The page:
Lawyer Joe Morse wants to consolidate all the small-time numbers racket operators into one big powerful operation. But his elder brother Leo is one of these small-time operators who wants to stay that way, preferring not to deal with the gangsters who dominate the big-time.
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This is one of the greatest film noirs of all time. It is devastating, haunting, and gritty, all the ingredients you need for a great film noir. John Garfield just had that sleazy all American mentality that played perfectly in his films.
One of the best Film Noir ever produced. One of the most desperate also. New-York City looks like a metallic spider waiting for its next victim. John Garfield, who was a real bankable Hollywood star then, is unfortunately a little bit forgotten nowadays. Let's not forget him ! Masterpiece.
A near perfect noir; the only thing that doesn't quite work for me is the relationship between John Garfield's and Mary Windsor's characters. Moreover, Windsor doesn't quite match the rest of the actors in the film. Besides that, a force of fantastic noir.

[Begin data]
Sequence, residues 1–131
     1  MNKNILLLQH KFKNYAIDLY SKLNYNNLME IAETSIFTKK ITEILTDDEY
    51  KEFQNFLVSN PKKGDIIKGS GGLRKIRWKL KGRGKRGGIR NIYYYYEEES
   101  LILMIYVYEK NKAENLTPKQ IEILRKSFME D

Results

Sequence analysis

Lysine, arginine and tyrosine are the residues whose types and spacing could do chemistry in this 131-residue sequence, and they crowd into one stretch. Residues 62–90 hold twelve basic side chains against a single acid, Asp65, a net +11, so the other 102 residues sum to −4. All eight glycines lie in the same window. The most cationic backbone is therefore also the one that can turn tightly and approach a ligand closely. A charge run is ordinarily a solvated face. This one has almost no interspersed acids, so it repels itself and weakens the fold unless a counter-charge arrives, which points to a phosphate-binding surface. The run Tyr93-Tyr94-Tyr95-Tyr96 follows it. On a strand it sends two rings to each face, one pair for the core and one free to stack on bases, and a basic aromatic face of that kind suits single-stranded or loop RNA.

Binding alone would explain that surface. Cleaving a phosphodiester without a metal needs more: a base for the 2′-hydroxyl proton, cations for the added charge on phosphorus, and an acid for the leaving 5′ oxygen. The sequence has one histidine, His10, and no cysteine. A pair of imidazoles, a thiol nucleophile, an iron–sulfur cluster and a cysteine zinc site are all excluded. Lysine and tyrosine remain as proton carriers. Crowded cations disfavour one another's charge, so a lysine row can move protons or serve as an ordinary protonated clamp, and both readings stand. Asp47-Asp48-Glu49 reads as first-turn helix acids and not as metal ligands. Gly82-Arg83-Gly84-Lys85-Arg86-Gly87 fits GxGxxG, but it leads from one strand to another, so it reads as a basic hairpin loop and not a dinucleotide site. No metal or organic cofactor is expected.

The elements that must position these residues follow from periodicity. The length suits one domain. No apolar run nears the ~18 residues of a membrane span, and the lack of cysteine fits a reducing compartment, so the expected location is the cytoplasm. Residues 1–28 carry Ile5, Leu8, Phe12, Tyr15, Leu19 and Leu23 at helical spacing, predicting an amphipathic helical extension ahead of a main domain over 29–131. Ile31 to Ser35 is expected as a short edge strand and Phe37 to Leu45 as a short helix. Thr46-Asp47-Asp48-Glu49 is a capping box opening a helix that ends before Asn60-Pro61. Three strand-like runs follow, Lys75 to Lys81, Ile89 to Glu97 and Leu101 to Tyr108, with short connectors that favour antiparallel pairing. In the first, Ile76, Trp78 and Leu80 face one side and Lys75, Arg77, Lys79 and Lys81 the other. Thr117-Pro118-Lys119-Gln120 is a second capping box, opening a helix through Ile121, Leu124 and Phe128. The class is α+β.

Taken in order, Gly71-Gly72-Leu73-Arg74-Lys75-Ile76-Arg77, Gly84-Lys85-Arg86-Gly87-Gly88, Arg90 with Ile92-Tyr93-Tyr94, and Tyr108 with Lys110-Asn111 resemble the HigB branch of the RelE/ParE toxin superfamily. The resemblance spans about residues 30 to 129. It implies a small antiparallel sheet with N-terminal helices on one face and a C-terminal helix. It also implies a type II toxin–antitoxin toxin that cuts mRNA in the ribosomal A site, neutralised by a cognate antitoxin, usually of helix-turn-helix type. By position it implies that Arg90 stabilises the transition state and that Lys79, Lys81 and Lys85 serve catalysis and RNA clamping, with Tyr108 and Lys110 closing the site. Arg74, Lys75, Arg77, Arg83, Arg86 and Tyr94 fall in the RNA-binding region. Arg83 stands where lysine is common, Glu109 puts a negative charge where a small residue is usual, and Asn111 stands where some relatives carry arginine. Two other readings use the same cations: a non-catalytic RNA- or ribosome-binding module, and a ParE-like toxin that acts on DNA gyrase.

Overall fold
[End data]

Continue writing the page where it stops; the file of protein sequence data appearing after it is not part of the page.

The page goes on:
The film noir as art film; elusive, inscrutable, with symbolic elements; Cain & Abel, a decent into subterranean worlds; capitalism as literal black death. The love story seems an afterthought, but it's the performances, heightened & emotional, like the great American theatre, & the dialog, which has a kind of street poetry to it, which thrills. Direction & cinematography are also impeccable; that amazing noir style.
Another classic noir that doesn't quite connect with me. The screenplay, which is often lauded, is far too preaching for me and the characters I am supposed to feel sorry simply aren't redeeming to me. It looks great in spots, but outside of that I consider it overrated.
The actual content is not quite up to par compared with the cinematography, which is occasionally pretty amazing, adding claustrophobia to some of the scenes. Garfield leads the way, but Windsor's character seems out of place and pointless. Not the masterpiece I supposed, but for the visuals and the intensity alone a must-see for film noir fans.